Another aspect we’re addressing is the setup of programme locations. Some areas lack dedicated programme offices, hindering our efforts. Having suitable counselling rooms and environments for rehabilitation is pivotal. Some of our programme locations face challenges in this regard, and we’re actively working on improving them. We have also identified a lack of crucial resources for effective rehabilitation, including educational materials, religious resources, sports equipment, medical supplies, and vocational tools at certain locations. 

Reintegration and aftercare are incredibly complex challenges, we are continuously striving to enhance our ability to successfully reintegrate violent extremist offenders into society and provide them with optimal aftercare services.

We are also focusing on capacity building related to gender-specific issues and establishing a juvenile component within the programme to address the distinct challenges associated with young offenders.

We are expanding capacity building in a wide range of other issues, namely: data management, monitoring and evaluation processes, effective intake procedures, initial assessment and other assessment tools, theological counter-narratives, sports therapy techniques to improve life coping skills, and understanding in Shia doctrine and practises.

We also need robust ICT solutions to improve communication and collaboration through video conferences and review meetings with teams in the field.

 JT: We have learned that NCoS has been working with the United Nations Office on Drugs and Crime (UNODC) and the German Government to strengthen its capacity to effectively rehabilitate prisoners associated Boko Haram.

What progress have these collaborative efforts achieved? What is your perspective on the importance of international cooperation and support?

HN: We have a robust synergy with a plethora of local, national and international organisations, both private and governmental, incluing the UNODC, the International Committee of the Red Cross (ICRC), Prisoners’ Rehabilitation And Welfare Action (PRAWA) and many others.

The importance of international cooperation and support to the Nigerian Correctional Service cannot be overstated. It has significantly assisted the Service in broadening its horizons and exposing it to international standard procedures in offender management.

For instance, this year, in collaboration with the UNODC, we conducted a programme aimed at fostering the effective reintegration of ex-offenders into society in the North East region of Nigeria. This involved meetings with community and religious leaders to raise awareness about the need to embrace and support ex-offenders in their reintegration process into normal community life.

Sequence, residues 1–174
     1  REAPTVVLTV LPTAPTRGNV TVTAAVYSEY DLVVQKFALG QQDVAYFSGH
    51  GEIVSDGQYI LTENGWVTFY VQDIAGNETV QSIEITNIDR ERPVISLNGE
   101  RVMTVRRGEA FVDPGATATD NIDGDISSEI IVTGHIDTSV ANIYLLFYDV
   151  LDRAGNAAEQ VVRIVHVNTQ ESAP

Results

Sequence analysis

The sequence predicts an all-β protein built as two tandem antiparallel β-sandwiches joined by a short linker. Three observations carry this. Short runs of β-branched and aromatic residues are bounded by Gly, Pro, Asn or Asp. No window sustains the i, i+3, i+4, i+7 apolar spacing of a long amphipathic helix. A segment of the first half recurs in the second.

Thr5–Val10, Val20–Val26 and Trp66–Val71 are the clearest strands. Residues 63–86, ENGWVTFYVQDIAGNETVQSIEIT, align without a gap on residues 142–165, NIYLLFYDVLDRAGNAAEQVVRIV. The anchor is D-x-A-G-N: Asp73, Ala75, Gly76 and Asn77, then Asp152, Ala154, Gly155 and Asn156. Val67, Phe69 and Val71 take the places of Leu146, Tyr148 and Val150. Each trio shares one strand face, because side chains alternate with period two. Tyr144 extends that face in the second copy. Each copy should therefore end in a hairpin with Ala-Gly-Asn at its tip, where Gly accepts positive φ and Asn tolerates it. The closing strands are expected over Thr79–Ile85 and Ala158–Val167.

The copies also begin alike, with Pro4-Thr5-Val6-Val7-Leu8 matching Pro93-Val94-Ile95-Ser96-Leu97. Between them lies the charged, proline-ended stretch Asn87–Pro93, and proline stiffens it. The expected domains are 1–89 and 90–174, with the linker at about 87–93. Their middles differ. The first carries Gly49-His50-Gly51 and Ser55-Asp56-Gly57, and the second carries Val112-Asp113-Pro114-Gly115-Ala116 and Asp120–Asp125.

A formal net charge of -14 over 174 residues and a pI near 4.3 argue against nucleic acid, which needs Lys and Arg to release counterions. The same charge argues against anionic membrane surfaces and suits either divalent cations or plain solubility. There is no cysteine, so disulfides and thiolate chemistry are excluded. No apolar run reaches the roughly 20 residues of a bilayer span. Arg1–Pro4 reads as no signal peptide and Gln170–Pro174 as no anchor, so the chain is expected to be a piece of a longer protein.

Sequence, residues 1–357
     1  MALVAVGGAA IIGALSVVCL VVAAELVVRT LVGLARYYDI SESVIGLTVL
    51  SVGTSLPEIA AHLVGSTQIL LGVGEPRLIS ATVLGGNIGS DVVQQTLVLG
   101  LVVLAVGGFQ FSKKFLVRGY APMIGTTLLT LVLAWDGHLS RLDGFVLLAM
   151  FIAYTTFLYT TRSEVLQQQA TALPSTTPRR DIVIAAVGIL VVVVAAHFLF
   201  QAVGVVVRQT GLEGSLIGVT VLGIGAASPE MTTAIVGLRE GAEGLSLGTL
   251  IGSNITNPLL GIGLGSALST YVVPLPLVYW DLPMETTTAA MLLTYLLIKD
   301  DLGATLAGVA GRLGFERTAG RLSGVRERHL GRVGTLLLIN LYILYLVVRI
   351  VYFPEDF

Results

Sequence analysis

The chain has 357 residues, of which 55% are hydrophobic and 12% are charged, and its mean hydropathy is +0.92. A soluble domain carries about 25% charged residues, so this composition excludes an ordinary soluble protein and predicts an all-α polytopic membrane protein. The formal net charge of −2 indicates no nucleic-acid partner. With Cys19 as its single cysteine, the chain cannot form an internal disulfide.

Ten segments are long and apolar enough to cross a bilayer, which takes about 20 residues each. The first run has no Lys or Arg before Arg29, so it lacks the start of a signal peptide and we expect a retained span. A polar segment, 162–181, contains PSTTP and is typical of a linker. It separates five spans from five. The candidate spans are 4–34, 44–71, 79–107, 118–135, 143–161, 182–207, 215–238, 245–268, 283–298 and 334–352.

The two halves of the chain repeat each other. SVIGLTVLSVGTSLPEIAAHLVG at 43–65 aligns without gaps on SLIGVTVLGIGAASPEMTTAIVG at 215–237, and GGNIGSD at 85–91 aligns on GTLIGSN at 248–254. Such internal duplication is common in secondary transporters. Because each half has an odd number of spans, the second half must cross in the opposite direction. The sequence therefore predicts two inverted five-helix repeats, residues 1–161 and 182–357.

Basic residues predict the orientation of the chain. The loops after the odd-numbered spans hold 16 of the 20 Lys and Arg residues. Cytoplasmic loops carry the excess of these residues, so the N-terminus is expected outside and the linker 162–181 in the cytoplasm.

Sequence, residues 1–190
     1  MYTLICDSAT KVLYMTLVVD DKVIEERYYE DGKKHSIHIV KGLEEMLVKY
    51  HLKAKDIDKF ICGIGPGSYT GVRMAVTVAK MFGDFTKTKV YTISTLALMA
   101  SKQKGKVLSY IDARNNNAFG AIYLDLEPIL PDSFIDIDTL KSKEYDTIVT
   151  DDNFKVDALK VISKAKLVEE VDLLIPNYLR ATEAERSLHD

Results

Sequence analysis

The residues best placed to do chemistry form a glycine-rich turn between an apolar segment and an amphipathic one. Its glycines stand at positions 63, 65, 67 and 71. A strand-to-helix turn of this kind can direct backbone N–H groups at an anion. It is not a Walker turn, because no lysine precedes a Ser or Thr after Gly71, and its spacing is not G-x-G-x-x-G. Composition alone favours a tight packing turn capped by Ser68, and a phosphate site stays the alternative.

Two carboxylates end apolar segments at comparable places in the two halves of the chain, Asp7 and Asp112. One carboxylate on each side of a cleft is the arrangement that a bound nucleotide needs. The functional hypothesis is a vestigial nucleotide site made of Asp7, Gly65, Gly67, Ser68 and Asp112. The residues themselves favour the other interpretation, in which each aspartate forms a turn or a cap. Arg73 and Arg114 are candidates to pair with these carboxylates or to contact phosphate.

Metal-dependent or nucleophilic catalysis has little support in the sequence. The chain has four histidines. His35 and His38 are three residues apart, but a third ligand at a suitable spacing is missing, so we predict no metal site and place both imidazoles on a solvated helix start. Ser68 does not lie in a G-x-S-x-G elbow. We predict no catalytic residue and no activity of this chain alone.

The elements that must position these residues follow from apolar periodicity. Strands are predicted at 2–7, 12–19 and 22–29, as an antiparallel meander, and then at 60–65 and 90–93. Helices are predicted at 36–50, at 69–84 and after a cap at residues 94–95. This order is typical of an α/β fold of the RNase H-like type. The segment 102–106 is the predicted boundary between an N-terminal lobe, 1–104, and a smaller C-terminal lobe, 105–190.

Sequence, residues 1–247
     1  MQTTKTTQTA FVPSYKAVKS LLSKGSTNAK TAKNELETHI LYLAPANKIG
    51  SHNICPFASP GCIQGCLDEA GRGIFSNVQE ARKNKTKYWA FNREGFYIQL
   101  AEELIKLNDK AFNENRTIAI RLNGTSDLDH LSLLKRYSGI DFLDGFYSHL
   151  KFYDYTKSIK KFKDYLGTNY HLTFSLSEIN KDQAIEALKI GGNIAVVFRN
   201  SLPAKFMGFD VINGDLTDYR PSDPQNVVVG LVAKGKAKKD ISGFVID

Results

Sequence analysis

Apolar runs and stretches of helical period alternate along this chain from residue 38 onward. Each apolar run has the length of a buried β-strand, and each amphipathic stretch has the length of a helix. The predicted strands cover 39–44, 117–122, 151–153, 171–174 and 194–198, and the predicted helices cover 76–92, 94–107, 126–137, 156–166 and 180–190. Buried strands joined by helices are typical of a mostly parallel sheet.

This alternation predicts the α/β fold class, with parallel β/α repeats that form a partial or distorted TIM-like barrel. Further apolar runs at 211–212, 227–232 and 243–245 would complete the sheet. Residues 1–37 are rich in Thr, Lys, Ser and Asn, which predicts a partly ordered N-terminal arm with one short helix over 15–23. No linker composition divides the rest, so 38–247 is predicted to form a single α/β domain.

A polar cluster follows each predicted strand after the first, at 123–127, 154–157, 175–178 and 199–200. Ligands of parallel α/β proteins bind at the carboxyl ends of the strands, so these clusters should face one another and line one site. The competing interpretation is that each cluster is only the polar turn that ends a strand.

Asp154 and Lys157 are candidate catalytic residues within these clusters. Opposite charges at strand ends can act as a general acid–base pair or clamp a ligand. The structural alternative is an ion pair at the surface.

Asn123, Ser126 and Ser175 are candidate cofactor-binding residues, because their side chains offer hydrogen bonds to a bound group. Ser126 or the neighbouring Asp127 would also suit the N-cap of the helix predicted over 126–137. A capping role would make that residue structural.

One notable achievement of cooperation initiatives is the positive impact on our efforts to manage individuals with identified risks of re-offending. Thanks to the interventions provided by international donors, we have witnessed a significant downward trend in the risks associated with some of those clients over the years. Moreover, the Nigerian Correctional Service has taken a leading role in the de-radicalisation and rehabilitation aspects of Operation Safe Corridor (OPSC) activities in Gombe State, which aims to rehabilitate repented Boko Haram elements who have submitted themselves to the authority of the state through the Nigerian Military. 

Notably, many individuals participating in the program have embraced Western Education, and many of them have not only sat for important examinations like the West African Examination Council (WAEC) and the National Educational Council (NECO), but some have also enrolled in the National Open University of Nigeria (NOUN). This educational focus earned us the prestigious 2018 Confucius Award for Literacy by UNESCO. 

Religious re-education and reorientation have also been integral components of the programme’s success. By addressing the ideological aspects of extremism, we’ve made significant strides in rehabilitating individuals with radical beliefs. We have also established partnerships with key stakeholders and organisations in areas such as staff training and development, ensuring health and sanitation in Custodial Centres, capacity building, and advocacy for solutions to the challenges we are presently encountering, such as overcrowding.

This approach of opening our doors to fruitful and meaningful collaborations and partnerships has yielded numerous benefits for both our organisation and the nation as a whole. Through these partnerships, we have improved the well-being of the inmates, providing them with a cleaner and more conducive environment in our Custodial Centres. Our personnel were also able to undergo significant capacity-building, and are now better prepared to perform their duties. Additionally, this initiative has contributed to a better understanding of our organisation’s operations among the public. 

Going forward, I expect that these synergies and partnerships will be strengthened and developed to include other areas that have not yet been addressed, especially in the realm of community guidance, research, and the emerging field of non-custodial services. I also expect that this cooperation focus will bring about improved respect for the human rights of inmates in custodial centres, and the overall enhancement of the Service’s management to meet international standards and global best practices.

Haliru Nababa

Controller General of Corrections, Nigerian Correctional Service

Haliru Nababa has been the Controller General of the Nigerian Correctional Service since 2021. He joined the Service in 1990 (then Nigerian Prison Service) as Assistant Superintendent of Prisons. Before his current appointment, he held several leadership roles in the organisation including Head of the  Directorate of Finance and Accounts, and Assistant Controller General of Corrections. He holds a Bachelors Degree in History and a Diploma in Criminology from the Usman Danfodiyo University of Sokoto.